Set enforcing and permissive modes for SELinux

SELinux modes

SELinux gives that extra layer of security to the resources in the system. It provides the MAC (mandatory access control) as contrary to the DAC (Discretionary access control). Before we dive into setting the SELinux modes, let us see what are the different SELinux modes of operation and how do they work. SELinux can operate in any of the 3 modes :
1. Enforced : Actions contrary to the policy are blocked and a corresponding event is logged in the audit log.
2. Permissive : Actions contrary to the policy are only logged in the audit log.
3. Disabled : The SELinux is disabled entirely.

Configuration file

SELinux configuration file /etc/selinux/config :
# cat  /etc/selinux/config

# This file controls the state of SELinux on the system.
# SELINUX= can take one of these three values:
#     enforcing - SELinux security policy is enforced.
#     permissive - SELinux prints warnings instead of enforcing.
#     disabled - No SELinux policy is loaded.
# SELINUXTYPE= can take one of three two values:
#     targeted - Targeted processes are protected,
#     minimum - Modification of targeted policy. Only selected processes are protected.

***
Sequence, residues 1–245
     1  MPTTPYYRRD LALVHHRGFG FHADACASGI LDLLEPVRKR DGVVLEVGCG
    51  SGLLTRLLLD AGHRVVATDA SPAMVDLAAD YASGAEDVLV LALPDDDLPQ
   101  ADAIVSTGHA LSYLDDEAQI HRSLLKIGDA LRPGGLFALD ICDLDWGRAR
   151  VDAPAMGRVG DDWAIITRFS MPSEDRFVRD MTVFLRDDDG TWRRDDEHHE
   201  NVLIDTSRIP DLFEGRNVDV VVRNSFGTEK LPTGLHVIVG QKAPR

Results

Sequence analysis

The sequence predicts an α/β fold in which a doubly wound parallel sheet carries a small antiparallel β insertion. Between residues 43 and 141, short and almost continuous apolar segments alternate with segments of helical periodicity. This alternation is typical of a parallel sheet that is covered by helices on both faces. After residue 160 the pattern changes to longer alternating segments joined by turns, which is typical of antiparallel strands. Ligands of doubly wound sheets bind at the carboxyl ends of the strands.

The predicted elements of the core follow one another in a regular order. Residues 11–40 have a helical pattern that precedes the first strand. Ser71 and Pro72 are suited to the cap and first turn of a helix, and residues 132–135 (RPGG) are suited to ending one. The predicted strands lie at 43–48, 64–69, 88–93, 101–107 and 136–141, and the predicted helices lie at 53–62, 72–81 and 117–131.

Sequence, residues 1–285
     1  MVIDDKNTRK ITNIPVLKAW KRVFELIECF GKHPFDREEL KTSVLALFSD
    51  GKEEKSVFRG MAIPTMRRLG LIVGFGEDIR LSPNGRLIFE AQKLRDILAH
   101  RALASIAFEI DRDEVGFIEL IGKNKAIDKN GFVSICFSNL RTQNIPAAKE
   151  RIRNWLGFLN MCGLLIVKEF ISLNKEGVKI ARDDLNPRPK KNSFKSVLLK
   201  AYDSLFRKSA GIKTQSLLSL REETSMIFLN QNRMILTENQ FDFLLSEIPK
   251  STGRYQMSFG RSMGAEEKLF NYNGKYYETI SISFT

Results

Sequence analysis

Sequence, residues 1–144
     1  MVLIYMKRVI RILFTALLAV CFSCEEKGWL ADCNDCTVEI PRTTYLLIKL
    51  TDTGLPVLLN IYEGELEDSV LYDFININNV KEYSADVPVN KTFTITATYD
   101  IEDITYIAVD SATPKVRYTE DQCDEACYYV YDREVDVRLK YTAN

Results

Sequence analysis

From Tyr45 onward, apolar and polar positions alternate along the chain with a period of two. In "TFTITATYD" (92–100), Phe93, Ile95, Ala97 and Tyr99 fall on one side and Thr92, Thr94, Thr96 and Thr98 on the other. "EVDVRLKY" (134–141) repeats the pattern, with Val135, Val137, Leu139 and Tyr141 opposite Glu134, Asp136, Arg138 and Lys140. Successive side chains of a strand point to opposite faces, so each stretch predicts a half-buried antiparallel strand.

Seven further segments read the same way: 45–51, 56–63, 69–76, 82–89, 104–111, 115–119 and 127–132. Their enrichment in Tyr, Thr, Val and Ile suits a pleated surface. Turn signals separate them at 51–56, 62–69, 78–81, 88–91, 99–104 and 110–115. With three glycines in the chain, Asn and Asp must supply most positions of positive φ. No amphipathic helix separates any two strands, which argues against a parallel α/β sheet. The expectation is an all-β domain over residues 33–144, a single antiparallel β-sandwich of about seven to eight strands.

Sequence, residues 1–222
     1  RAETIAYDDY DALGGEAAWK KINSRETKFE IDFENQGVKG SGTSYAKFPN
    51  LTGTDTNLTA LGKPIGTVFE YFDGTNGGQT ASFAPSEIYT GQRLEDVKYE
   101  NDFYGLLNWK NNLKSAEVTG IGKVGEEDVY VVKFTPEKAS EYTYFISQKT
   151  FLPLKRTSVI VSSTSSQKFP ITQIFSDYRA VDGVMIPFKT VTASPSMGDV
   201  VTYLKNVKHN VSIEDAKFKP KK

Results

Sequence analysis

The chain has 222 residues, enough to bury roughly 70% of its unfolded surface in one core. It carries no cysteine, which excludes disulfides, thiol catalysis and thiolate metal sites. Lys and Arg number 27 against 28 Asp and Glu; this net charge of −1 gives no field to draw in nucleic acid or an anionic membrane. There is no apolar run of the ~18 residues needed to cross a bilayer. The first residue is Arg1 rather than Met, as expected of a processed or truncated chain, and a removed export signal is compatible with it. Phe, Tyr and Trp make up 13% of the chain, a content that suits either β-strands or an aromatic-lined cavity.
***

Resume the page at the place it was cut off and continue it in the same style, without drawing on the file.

#     mls - Multi Level Security protection.

Toggling SELinux modes (Temporarily)

To switch between the SELinux modes temporarily we can use the setenforce command as shown below :
# setenforce [ Enforcing | Permissive | 1 | 0 ]
0 –> Permissive
1 –> Enforcing
Verify the current mode of SELinux :
# getenforce
or we can also use the sestatus command to get a detailed status :
# sestatus
SELinux status:                 enabled         
SELinuxfs mount:                /selinux        --> virtual FS similar to /proc
Current mode:                   enforcing       --> current mode of operation 
Mode from config file:          permissive      --> mode set in the /etc/sysconfig/selinux file.
Policy version:                 24
Policy from config file:        targeted

Toggling SELinux modes (Permanently) [reboot require]

SELinux mode can be set permanently using either of below methods :
1. editing /etc/selinux/config file
2. editing kernel boot options

1. editing /etc/selinux/config file

to set SELinux to permissive, set the below line in the file /etc/selinux/config to :
vi /etc/selinux/config
Similarly the mode can be set to enforcing/disable by setting the mode in the same line.

2. editing kernel boot options

Edit the kernel boot line and append enforcing=0 to the kernel boot options. For example:
title Red Hat Enterprise Linux AS (2.6.9-42.ELsmp)
root (hd0,0)
kernel /vmlinuz-2.6.9-42.ELsmp ro root=LABEL=/ rhgb quiet enforcing=0
initrd /initrd-2.6.9-42.ELsmp.img
Reboot the server.
# shutdown -r now

Forcing reboot on changing mode

We can force a reboot on changing the selinux mode :

# setsebool secure_mode_policyload on


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